The 10 best books about A.I.
Here are some of the best books on the rich history, rabid speculations and intriguing fictionalized world of artificial intelligence.
Artificial intelligence has been the stuff of mad dreams, and sometimes nightmares, throughout our collective history. We've come a long way from a 15th-century automaton knight crafted by Leonardo da Vinci. Within the past century, artificial intelligence has inched itself further into our realities and day to day lives and there is now no doubt we're entering into a new age of intelligence.
Early computing technology ushered in a new branch of computer science dealing with the simulated intelligence of machines. In recent history, we've used A.I. for common tasks, such as playing against the computer in chess matches and other gameplay behaviors. Thanks to advances in computer technology, however, A.I. is advancing now 10 times faster than it had before. A.I. can also be defined as the capability of a machine to imitate human behavior. The holy grail—and what most people probably think about when they hear A.I.—is something called artificial general intelligence or AGI. With advanced AGI, robots would, in theory, be able to do anything a human could do. This usually conjures up pictures of anthropomorphic robot butlers or Westworld type androids.
One can get lost in the rich history, rabid speculations, and intriguing fictionalized world of A.I. Here are some of the best books on artificial intelligence that'll guide you and provide a multifaceted view of this incredible technology.
We have personal assistants in our pockets and on our desks. Automated factories and self-driving cars being tested on the daily. We're living in the imagined futures of our past. Here's some books to help us get to the next step.
Author and journalist John Markoff offers a detailed and rich history of the field of robotics and artificial intelligence. He's interested in the interplay between human societies and the effect that increasing automation and intelligence will have in the workplace and other areas. Markoff explores the views of the designers behind these machines and the paradoxical nature of the potentialities of this new tech. He states: “The same technologies that extend the intellectual power of humans can displace them as well"
Markoff writes about the concept of AI vs IA – or artificial intelligence versus intelligence automation. He believes that this and building a human element into the technologies is one of the more important aspects of this field.
Isaac Asimov's Robot Series
Science fiction often has a way of not only predicting the future, but preparing us for it as well. During the Golden Age of Science Fiction, Issac Asimov, along with Arthur C. Clarke and Robert Heinlein, was part of “the big three" in the sci-fi genre. These authors covered topics ranging from philosophical free-love martians to spaceship robots having mental breakdowns.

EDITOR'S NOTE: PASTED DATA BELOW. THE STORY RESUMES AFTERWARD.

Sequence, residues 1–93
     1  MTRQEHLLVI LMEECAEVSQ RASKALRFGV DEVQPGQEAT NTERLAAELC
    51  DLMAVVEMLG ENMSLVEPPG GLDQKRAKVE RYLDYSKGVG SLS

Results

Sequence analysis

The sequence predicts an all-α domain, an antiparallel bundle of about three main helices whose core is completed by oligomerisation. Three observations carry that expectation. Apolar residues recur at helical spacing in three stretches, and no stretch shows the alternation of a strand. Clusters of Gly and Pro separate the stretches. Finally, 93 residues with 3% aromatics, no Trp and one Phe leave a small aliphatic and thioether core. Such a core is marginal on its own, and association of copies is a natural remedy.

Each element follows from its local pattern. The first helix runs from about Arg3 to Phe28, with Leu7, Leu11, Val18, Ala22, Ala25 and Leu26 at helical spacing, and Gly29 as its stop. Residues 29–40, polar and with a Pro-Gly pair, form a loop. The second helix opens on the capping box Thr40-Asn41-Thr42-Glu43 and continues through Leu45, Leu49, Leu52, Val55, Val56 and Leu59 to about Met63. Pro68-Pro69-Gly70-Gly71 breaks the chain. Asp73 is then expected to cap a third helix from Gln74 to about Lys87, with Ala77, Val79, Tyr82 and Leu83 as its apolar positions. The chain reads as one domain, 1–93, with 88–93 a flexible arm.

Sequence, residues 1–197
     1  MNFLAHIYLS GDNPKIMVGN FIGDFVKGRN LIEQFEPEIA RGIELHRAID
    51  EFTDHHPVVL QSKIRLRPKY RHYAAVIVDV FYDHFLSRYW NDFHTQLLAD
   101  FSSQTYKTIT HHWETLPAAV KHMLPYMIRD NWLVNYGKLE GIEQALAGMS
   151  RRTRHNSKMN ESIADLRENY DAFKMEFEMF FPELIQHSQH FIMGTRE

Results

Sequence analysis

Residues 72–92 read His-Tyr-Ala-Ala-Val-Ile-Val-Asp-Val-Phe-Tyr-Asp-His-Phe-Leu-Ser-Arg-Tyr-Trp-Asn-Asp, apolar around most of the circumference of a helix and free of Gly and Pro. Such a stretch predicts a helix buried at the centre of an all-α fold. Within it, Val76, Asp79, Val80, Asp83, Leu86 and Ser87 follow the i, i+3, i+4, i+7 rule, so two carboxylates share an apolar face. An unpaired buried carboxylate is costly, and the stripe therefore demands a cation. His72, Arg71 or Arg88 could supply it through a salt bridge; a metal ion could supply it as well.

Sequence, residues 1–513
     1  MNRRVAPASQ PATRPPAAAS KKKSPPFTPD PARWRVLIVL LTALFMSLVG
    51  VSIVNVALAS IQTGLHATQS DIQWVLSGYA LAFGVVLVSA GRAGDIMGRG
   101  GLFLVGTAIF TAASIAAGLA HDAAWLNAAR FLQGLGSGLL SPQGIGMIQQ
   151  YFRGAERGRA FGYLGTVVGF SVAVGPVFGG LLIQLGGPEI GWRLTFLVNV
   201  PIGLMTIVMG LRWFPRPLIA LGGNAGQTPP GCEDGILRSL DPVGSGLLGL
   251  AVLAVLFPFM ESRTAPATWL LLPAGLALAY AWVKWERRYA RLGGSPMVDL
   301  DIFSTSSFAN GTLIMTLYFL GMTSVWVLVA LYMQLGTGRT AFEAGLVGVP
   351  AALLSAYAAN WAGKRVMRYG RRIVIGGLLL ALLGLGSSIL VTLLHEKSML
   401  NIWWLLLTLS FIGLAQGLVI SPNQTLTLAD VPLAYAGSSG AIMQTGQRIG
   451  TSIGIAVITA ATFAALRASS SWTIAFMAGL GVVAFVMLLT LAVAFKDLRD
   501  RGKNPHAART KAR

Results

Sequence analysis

Asimov's contribution paved the way for something many robot ethicists and people are still thinking about today: The Three Laws of Robotics. These were immortalized in his anthology and Robot novel series.
1. A robot may not injure a human being or, through inaction, allow a human being to come to harm.
2. A robot must obey the orders given it by human beings except where such orders would conflict with the First Law.
3. A robot must protect its own existence as long as such protection does not conflict with the First or Second Laws.
The complete robot series includes all of Asimov's short fiction and novellas and if you're interested in his novels then start with Caves of Steel and follow that to his last robot novel: Robots and Empire. Almost every common robotics trope we have in our culture today was seeded by Asimov.
How to Create a Mind: The Secret of Human Thought Revealed
Ray Kurzweil was arguably responsible for popularizing the idea of the technological singularity. In which, much to the hopes of sun-deprived dreamers everywhere that the end was nigh for a super-intelligence would eventually emerge out of a self-improving runaway reaction. With it there'd be no telling what comes next in a world unknowable, ending history in its wake and bringing in a time of unfathomable change. While not all of Kurzweil's predictions are as verbose, many of Kurzweil's lesser predictions from years past have rung true.
By combining an investigation into the neocortex, study of language and the development of AI, this book dives into many thought-provoking lines of inquiry. How to Create a Mind is part twenty-first century AI treatise and part philosophical doctrine on the implications of unlocking the unbridled power of artificial intelligence.
While we can sometimes get lost within the existential or even eschatological ramifications (sorry Kurzweil!) of artificial intelligence, we're still very much in the infancy of the technology. The early seeds of this enterprise still require human ingenuity and some good old-fashioned hard coding.
Python Machine Learning
Many of the breakthroughs in current A.I. research come from applications of machine learning. Python has proved to be an excellent language to use to further one's knowledge in the field. This book includes a Github link and helps teach the fundamentals of machine learning through Python.
The book sets out to teach:
- Development of Learning Algorithms
- Transforming Raw Data into Useful Information
- Classifying Objects
- Regression Analysis